Nelson, B.C. police are offering up "free accommodation" as part of a cheeky campaign aimed at those considering impaired driving this New Year's Eve.

In an "exclusive invitation" posted on social media Thursday, the force in the Southern Interior city advertised its hospitality in an offer geared toward "those who have made very bad life choices."

Impaired drivers, and those making other poor decisions, are invited to spend the night in lockup at the Nelson Police Station on Stanley Street – nicknamed the "Stanley Street Inn" in the post.

"Our guests will enjoy the hardest bed possible with free drafts and very bright lights," the mock invitation reads.

"Our hosts will be waking you up every 20 (minutes) to ensure your safety. Unfortunately, we have a strict dress code, so no shoes, belts, or other items that may be harmful to your health."

Meals will be provided for those using the Inn for longer periods of time, and "guests" are entitled to a free phone call (to a lawyer) during their stay.

The offer, which police described as "first come, first served," does not expire.

"Don't bother booking in advance, we'll find you," the police force wrote.

The fine print of the invite includes that the Nelson PD is not responsible for additional costs including legal fees, impound charges, provincial fines and "spousal 'I'm sorry' gifts.

"The NPD encourages everyone to NOT add staying with us to their list of life accomplishments. Trust us, you think it's funny but it's not."

Other police forces in Canada use similar campaigns this time of year. A force north of Toronto posted a video last week advertising "L'Hotel York Regional Police," where a jail cell with complimentary toilet paper is waiting for those who get behind the wheel after drinking or using drugs.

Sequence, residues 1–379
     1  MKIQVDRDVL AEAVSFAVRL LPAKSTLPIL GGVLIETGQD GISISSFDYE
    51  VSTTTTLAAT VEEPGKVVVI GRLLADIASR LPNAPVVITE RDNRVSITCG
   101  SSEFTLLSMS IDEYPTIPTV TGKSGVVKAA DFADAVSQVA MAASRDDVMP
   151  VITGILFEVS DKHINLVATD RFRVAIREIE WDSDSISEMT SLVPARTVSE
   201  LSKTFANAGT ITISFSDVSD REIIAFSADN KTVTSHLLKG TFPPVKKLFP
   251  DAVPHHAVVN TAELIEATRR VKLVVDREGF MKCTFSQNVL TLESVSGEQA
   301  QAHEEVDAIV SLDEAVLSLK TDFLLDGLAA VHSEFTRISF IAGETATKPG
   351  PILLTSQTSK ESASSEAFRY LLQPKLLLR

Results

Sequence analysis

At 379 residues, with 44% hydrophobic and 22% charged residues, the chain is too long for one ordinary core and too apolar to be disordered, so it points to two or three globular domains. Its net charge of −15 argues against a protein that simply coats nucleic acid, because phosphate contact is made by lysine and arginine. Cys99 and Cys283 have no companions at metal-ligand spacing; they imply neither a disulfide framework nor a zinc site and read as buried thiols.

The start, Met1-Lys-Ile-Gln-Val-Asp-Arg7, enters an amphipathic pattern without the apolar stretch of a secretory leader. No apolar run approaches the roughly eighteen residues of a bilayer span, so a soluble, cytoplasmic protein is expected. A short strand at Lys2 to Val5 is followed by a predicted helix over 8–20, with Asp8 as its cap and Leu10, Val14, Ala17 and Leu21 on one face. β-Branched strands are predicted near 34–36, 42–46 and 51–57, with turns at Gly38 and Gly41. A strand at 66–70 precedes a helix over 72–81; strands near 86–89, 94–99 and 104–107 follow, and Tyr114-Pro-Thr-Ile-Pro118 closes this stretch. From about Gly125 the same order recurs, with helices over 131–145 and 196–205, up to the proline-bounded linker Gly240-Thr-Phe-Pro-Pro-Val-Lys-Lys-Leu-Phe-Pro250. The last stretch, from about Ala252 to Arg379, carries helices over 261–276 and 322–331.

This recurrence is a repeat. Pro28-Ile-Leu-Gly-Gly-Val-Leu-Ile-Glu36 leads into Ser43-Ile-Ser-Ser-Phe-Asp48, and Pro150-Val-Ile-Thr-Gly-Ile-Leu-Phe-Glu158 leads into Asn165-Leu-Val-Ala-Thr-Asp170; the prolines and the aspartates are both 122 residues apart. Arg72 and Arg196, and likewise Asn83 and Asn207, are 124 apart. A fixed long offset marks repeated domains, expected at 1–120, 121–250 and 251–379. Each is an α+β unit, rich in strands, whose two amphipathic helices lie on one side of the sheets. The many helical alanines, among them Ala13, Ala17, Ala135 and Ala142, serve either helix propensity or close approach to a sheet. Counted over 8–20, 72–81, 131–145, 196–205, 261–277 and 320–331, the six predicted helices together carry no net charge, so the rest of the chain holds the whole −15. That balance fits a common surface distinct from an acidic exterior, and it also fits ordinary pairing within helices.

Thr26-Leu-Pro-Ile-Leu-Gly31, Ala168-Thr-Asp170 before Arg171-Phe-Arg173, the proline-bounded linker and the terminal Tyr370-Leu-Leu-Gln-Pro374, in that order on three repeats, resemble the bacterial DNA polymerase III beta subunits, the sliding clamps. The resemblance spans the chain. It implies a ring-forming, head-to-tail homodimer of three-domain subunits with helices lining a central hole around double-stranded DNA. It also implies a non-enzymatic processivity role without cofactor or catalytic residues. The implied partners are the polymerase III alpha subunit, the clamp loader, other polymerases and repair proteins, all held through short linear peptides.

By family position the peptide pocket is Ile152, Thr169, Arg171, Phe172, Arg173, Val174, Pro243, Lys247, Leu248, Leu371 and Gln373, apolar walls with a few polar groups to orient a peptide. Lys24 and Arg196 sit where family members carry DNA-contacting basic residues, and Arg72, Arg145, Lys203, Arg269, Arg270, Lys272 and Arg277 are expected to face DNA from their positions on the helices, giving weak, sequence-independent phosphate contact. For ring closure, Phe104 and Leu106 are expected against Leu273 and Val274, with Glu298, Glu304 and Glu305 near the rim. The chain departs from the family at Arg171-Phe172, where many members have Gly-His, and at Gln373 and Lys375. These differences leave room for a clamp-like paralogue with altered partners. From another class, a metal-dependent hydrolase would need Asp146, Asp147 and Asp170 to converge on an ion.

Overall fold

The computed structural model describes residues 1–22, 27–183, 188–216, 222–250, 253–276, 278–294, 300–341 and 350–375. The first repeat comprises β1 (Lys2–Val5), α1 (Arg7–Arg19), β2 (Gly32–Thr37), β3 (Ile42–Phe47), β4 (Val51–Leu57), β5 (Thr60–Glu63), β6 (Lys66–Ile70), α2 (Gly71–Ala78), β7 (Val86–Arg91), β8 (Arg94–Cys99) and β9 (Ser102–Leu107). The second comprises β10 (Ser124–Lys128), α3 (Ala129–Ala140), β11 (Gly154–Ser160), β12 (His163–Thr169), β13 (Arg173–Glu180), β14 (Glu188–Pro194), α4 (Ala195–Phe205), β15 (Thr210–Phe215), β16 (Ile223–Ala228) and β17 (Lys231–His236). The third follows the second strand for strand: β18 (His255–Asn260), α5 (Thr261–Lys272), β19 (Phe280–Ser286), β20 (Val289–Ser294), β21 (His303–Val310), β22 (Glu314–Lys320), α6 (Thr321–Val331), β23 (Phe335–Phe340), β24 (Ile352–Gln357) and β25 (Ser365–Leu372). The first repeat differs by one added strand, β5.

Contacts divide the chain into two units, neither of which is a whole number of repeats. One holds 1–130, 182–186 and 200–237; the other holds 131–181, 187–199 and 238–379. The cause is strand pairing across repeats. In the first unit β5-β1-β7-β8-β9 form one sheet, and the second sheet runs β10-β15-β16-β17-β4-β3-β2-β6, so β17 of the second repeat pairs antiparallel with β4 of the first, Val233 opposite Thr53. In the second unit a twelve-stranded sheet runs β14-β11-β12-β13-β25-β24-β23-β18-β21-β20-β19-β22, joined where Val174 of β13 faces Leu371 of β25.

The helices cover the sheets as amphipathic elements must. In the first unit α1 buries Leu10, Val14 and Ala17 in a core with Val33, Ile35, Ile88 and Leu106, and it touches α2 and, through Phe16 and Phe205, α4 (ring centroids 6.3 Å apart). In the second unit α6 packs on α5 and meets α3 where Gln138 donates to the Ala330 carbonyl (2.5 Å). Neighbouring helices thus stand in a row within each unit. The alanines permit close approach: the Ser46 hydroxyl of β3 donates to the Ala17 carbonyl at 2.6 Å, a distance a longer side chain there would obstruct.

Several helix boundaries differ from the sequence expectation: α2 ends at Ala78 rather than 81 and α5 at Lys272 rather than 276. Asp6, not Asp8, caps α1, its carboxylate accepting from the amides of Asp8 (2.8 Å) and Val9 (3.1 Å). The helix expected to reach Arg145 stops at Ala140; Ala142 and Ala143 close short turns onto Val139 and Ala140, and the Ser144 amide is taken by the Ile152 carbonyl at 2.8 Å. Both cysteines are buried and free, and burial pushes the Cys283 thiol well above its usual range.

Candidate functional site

And the force posted again Friday, this time featuring its spin on Airbnb: AirYRP. "Isolated industrial suite in central Newmarket (Cozy!)" the fake listing reads.

"Not-so-private room in shared quarters... Vintage industrial space just perfect for any drunk or high driver this NYE! Neutral tones of grey, and minimalist, industrial design throughout."

previous year's campaign included visitor reviews of the facility, boasting about its "free shuttle service" and "excellent security." The "hotel" offered foil blankets and handcuffs free of charge, and advertised reservations were not required.

"Get booked now!" the campaign poster read.

The forces are using humour to draw attention to the dangers of impaired driving at a time of year when a large portion of fatal crashes occur.

On average, 65 people die each year in B.C. in crashes involving an impaired driver. Many of the crashes are during the December holidays.

The province has the toughest impaired driving laws in Canada, ICBC says, and those convicted will face driving suspensions ranging from one day to 90. They also face vehicle impoundment, fines up to $4,060, jail time, mandatory rehabilitation and installation of an ignition lock in their vehicles.

Drivers may also have to pay steep premiums on top of insurance, and could be held responsible for the costs of damaging someone else's property or injuring them in event of a crash.

Source: CTV News BC


Last updated on: 2018-01-20 | Link to this post